EVANSVILLE, Ind (WEHT) Due to the recent surge in COVID cases, Evansville Mayor Lloyd Winnecke signed an executive order restricting social gatherings from 500 people to 125. The executive order goes into effect on Monday, Oct. 19.
Winnecke says the move will allow for easier contact tracing and a faster response from health officials to inform individuals of their potential exposure and need to quarantine and monitor for symptoms.
Health officials are concerned people are letting their guard down and not following guidelines when attending personal events, such as a wedding or family or friend gathering. In a statement, Deaconess officials said:
Deaconess is supportive of the recommendations made this morning by Mayor Winnecke and the Vanderburgh County Health Department, which are consistent with suggestions offered by Dr. Box to area officials yesterday. The rates of infection and hospitalization for COVID-19 are very concerning, and the data available on the ISDH website speaks for itself. It would be irresponsible not to act now to reduce the rising rate of COVID-19 in our community, particularly as we head into flu season and cooler months where more people will be indoors together.
Deaconess officials are also urging people to get the flu shot to help reduce deaths and overall illness in the community, as well as lower the demand on testing supplies and other resources.
On Friday, Vanderburgh County reported 126 new cases, the highest one day total since the pandemic began. The county also reported 4 more deaths from coronavirus, bringing the death toll to 41.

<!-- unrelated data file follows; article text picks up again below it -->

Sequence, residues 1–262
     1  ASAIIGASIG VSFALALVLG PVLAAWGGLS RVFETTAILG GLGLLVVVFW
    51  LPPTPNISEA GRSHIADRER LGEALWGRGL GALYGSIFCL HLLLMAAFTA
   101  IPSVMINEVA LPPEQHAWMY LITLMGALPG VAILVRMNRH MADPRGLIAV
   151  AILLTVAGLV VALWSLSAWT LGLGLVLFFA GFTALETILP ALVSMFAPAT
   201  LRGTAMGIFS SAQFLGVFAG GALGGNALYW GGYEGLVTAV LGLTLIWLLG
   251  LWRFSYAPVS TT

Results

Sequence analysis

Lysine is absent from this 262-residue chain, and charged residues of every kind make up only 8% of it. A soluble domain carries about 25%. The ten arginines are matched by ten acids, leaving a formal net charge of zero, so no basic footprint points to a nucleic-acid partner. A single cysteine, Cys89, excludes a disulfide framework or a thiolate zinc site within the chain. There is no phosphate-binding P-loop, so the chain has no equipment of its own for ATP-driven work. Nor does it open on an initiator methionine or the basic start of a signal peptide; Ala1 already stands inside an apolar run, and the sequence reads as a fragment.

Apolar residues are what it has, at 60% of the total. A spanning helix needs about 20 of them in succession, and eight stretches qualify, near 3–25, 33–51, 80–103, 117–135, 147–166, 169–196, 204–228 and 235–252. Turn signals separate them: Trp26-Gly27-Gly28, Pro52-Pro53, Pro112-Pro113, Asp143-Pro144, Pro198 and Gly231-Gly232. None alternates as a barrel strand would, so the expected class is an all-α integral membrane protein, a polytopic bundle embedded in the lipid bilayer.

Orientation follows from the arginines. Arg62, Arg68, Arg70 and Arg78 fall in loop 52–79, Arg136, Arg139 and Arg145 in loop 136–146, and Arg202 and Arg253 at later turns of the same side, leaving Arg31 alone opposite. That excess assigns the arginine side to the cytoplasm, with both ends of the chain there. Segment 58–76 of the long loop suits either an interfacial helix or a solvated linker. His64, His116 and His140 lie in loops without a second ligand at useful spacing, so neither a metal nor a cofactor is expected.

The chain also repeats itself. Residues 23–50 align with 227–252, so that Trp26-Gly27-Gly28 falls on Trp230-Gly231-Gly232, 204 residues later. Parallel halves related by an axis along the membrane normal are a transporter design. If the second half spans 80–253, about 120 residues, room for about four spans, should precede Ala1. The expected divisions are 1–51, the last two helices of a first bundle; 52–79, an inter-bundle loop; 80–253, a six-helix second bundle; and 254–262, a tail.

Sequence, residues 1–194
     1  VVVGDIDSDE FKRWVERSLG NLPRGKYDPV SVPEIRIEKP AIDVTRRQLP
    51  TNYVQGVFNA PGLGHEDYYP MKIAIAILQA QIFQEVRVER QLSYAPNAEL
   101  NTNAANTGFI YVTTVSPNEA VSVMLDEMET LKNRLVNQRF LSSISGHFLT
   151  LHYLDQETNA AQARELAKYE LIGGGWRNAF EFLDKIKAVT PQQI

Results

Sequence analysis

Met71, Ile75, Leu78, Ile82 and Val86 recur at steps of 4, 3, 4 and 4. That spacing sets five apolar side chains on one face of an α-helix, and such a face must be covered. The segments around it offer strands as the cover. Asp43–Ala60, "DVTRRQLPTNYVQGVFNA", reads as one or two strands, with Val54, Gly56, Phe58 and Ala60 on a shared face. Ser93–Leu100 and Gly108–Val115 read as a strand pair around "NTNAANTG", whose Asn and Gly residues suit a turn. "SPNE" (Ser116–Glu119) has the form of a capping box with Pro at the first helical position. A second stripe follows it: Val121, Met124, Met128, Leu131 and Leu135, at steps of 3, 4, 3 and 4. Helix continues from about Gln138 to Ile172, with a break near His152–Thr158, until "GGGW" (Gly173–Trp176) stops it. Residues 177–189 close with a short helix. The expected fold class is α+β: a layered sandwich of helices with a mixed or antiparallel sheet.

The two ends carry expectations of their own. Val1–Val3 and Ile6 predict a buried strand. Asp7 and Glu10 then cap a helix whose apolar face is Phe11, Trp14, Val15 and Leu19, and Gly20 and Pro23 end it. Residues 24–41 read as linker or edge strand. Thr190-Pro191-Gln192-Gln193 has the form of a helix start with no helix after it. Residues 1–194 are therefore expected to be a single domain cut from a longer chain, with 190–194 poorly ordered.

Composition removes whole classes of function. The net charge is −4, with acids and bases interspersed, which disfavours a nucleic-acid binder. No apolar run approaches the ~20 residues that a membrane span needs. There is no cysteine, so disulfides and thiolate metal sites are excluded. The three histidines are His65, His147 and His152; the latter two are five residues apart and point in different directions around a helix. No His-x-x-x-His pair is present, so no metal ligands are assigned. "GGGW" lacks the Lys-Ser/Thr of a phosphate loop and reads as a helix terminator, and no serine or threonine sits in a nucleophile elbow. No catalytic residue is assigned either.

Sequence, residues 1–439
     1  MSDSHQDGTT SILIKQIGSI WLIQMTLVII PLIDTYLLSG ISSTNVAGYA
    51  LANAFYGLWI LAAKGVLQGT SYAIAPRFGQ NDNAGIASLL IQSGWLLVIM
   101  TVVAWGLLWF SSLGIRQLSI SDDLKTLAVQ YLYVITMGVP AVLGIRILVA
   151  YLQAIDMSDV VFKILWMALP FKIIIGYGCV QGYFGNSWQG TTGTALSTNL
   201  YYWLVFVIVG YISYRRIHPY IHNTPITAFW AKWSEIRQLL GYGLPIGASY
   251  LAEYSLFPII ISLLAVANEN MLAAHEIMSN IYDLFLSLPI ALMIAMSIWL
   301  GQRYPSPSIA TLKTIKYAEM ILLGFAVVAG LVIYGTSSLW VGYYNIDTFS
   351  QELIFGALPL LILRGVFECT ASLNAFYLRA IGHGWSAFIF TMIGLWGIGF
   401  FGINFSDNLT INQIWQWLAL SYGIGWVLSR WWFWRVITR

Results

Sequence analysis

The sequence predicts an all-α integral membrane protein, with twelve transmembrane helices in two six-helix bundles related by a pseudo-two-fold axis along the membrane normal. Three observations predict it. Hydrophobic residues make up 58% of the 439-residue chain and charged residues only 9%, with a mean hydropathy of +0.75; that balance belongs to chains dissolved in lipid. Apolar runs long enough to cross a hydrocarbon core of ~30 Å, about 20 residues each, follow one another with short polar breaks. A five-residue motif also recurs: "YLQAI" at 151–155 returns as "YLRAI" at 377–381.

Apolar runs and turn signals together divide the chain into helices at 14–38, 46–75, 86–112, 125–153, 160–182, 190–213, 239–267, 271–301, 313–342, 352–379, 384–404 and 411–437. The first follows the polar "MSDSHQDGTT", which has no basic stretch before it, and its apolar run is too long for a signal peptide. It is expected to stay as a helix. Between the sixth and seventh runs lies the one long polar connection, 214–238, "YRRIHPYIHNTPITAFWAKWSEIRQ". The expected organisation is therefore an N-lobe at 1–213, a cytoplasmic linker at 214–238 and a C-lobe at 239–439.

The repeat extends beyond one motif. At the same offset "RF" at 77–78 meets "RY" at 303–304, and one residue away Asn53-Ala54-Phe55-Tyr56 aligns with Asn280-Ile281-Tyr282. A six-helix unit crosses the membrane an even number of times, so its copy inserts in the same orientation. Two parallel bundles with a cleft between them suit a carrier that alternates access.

Vanderburgh County Commissioner Cheryl Musgrave is “calling on local hospitals to provide public, daily, and informative updates about the progress of the pandemic in plain English.” She says medical advisers have not given the commission any standards or evidence-based recommendations.
The Commissioners continue to monitor this situation closely. We will act on the best scientific evidence available to us consistent with our legal authorities and our need to protect the public health. At this moment, it is imperative that individuals and groups take every step they can to help bring down the spread of the virus as we move into the winter months.Commissioner Cheryl Musgrave
Deputy Mayor Steve Schaefer also announced Friday that over 30,000 masks had been received for both the city and area organizations. Throughout the pandemic, mask wearing and hand hygiene has made a large impact in reducing the spread of the virus.
(This story was originally published on October 9, 2020)
- Fate of Ellis Park could be in jeopardy after Kentucky Supreme Court decision
- Local veterans get help from U.S. Veterans Center
- Route chosen for new I-69 bridge
- Henderson City Commission hears proposed law to deprioritize marijuana enforcement
- Social media posts urge caution near Owensboro tent city